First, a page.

Ex-News of the World editor Andy Coulson held on perjury charges
Coulson, Prime Minister David Cameron’s former media adviser, was detained by Strathclyde Police officers in London on Wednesday morning.
Former News of the World editor Andy Coulson has been detained by Scots police in connection with a perjury inquiry.
Coulson, the ex-Downing Street director of communications, was detained by Strathclyde Police officers in London on Wednesday morning.
He was driven up to Glasgow by police and arrived at Govan Police Station for questioning at around 3.30pm. Seven Strathclyde Police officers travelled to Coulson's home in Dulwich to detain him.
A police spokeswoman said: "Officers acting for Strathclyde Police Operation Rubicon detained a 44-year-old man in London this morning under Section 14 of the Criminal Procedure Scotland Act on suspicion of committing perjury at the High Court in Glasgow.
"It would be inappropriate to comment further in this case."
The allegations relate to the evidence Coulson gave during Tommy Sheridan's perjury trial in 2010.
Speaking outside his home on Wednesday, Sheridan said: "I am limited in what I can say given that we now have a very live investigation. We were led to believe by Mr Coulson and his acolytes at News International during my trial and the initial phone-hacking investigations that the problem was a rogue reporter. It's the equivalent of a bad apple in the barrel.
"Well, I think we all know now that there is no bad apple in the barrel, what there is is a rotten orchard full of bad apples. Fortunately, given the hard work of Operation Rubicon, we now have a start to what will hopefully become criminal charges and hopefully Mr Coulson won't be lonely but he will be joined by colleagues in the future.
"I firmly believe that today marks the first in the journey towards the quashing of my conviction, which was unsafe and unsound."
Sheridan's solicitor, Gordon Dangerfield, added: "We have very strong grounds of appeal and will be lodging a full appeal in due course. Today's developments concern only one of various areas which are relevant to the appeal, and which are being actively pursued by us.
"We are very limited in what we can say because much of the information which we have is still highly confidential at this stage and because we do not want to prejudice the ongoing investigation. We are very much looking forward to being able to present all of the new evidence at a full appeal in due course.
"We believe that when the whole truth comes out, the public will be given an entirely new perspective on what the Tommy Sheridan trial was really about. It is safe to say that many people will have their eyes opened for the first time."
Coulson became editor of the now defunct News International paper in 2003, before he resigned in 2007 over the phone hacking affair. He has previously denied any knowledge of phone hacking at the paper when appearing in front of a parliamentary select committee into the scandal.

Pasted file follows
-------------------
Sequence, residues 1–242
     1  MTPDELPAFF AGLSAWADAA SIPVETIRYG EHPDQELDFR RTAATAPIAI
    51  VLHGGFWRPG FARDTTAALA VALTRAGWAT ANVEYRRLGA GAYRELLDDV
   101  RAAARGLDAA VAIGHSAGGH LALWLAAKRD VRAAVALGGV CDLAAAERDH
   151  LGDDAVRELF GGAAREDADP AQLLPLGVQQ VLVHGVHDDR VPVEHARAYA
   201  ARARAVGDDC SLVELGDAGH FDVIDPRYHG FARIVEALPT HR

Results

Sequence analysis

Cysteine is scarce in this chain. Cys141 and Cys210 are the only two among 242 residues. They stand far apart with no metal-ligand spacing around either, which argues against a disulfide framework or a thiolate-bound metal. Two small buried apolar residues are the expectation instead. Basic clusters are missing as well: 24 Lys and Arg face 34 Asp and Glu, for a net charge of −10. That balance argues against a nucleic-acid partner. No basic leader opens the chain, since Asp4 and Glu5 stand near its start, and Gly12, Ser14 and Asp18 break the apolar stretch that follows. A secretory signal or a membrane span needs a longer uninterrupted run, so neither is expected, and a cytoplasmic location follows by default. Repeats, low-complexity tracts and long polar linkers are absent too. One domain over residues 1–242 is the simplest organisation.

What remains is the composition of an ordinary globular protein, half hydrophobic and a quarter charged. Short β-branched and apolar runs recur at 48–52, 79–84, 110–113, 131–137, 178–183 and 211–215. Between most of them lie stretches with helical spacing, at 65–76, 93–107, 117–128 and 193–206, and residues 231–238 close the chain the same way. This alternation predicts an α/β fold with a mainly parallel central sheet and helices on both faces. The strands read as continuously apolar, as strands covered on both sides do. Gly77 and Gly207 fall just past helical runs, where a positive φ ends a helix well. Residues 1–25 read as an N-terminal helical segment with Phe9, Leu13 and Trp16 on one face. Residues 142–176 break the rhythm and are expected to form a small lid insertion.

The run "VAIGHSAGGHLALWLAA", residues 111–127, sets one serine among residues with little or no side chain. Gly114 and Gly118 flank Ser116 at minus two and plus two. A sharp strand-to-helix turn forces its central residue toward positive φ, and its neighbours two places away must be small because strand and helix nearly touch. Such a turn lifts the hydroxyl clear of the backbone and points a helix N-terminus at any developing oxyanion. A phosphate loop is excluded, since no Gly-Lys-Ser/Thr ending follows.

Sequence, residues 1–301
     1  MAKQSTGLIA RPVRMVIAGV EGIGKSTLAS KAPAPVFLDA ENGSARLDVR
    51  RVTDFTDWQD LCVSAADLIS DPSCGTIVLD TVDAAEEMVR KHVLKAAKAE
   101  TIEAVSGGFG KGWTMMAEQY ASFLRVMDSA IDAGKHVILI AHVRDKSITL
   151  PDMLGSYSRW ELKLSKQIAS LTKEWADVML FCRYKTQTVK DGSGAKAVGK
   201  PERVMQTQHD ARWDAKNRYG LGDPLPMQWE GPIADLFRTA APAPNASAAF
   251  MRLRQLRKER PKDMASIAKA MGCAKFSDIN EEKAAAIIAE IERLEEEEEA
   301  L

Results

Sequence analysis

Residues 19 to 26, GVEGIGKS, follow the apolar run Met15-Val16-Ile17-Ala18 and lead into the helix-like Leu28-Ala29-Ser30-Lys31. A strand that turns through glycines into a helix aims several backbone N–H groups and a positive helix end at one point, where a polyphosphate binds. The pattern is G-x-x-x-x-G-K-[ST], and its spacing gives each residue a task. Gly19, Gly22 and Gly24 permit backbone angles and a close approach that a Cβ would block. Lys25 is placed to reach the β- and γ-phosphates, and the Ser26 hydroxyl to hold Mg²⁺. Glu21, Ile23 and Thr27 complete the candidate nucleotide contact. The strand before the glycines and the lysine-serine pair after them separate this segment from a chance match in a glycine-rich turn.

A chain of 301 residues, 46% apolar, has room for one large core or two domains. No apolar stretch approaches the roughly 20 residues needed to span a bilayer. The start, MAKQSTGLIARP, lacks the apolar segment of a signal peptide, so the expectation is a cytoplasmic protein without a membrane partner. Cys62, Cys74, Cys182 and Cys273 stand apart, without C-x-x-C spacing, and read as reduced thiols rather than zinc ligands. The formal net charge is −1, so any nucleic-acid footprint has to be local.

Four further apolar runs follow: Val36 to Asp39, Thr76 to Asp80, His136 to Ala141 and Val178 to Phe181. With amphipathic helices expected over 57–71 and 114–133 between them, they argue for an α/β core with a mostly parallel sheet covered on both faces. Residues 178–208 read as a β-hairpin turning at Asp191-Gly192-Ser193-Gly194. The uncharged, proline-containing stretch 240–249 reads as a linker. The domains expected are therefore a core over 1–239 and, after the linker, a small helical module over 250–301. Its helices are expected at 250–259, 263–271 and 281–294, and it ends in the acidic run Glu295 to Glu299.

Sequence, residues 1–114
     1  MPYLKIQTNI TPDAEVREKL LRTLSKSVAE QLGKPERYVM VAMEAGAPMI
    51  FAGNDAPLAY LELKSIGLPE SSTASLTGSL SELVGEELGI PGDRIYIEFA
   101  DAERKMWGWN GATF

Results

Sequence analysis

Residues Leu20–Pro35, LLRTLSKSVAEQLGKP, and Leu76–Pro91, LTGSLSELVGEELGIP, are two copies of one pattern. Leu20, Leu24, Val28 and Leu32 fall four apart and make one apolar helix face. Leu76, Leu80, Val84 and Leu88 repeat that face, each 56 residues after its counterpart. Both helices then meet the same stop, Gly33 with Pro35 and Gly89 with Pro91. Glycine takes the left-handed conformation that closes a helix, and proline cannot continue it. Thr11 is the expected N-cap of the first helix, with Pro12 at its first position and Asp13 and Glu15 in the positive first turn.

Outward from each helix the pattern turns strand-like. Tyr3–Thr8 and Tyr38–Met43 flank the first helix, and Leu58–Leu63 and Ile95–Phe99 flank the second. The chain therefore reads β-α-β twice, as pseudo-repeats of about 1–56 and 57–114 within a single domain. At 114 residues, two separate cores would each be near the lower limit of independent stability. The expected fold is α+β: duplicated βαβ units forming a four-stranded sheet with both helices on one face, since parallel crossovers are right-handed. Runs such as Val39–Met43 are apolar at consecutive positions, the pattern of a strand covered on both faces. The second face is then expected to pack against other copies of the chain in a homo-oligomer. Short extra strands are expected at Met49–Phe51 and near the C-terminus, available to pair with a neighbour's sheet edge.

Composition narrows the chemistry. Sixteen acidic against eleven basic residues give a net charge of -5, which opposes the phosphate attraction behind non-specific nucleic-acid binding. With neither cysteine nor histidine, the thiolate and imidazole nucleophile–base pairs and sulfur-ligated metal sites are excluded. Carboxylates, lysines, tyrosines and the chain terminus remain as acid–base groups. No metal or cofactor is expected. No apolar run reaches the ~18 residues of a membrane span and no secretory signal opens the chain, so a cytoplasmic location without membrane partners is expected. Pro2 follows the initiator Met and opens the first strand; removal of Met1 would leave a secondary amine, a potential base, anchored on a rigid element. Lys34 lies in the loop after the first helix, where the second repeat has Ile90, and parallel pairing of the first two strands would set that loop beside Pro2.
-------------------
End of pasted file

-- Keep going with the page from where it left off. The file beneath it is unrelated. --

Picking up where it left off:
After the detention of Coulson, Tom Watson MP reiterated his claim that Sheridan’s perjury conviction was "unsound".
He said: "Tommy Sheridan was convicted on an eight to six verdict of a jury in a Scottish court. Mr Sheridan lost his liberty and is still the subject of restrictions on his movement.
"The detention of Andy Coulson further highlights why Mr Sheridan’s conviction was unsound. It is now abundantly clear that members of the jury were not in full possession of the facts. If they knew what the police now know, It seems impossible not to conclude that Mr Sheridan would be a free man.
"His conviction should be urgently reviewed. And if the First Minister had any honour, he would launch an immediate inquiry into illicit information techniques practiced by News International’s employees in Scotland."
Jim Sheridan MP for Paisley sits on the culture, media and sport select committee that Coulson appeared before in 2009.
Mr Sheridan said on Wednesday: "I welcome the fact that police are reviewing this evidence and continuing an investigation into these serious allegations."
Coulson lasted for less than a year as David Cameron’s communications director after the Conservative leader was made prime minister in May 2010. He stood down as the full details of the phone hacking scandal emerged, which eventually led to the Murdoch family closing down one of the biggest selling newspapers in the world.
Earlier this month Coulson appeared in front of the Leveson Inquiry into press standards where he revealed he held £40,000 of shares in News Corporation while working as working as Mr Cameron’s chief spin-doctor.
The 44-year-old gave evidence in the perjury trial of Tommy Sheridan in December 2010.
Former Scottish Socialist Party (SSP) leader Sheridan was jailed for three years for lying under oath during his defamation action against the News of the World in 2006. He was freed in January of this year.
Sheridan was awarded £200,000 in damages after winning his defamation case against the newspaper at the Court of Session in Edinburgh, but never received any of the money and later ended up in the dock facing a trial for perjury.
He unsuccessfully appealed the verdict, but claimed publicly that he would clear his name following the conviction.
In response to the police action, SSP leader Colin Fox said: "It is time Tommy Sheridan stopped shamelessly milking the public anger about the deplorable actions of the Murdoch press and started telling the truth that he lied in his libel case, was found guilty of perjury. Regardless of the outcome of the Coulson enquiries that remains the case."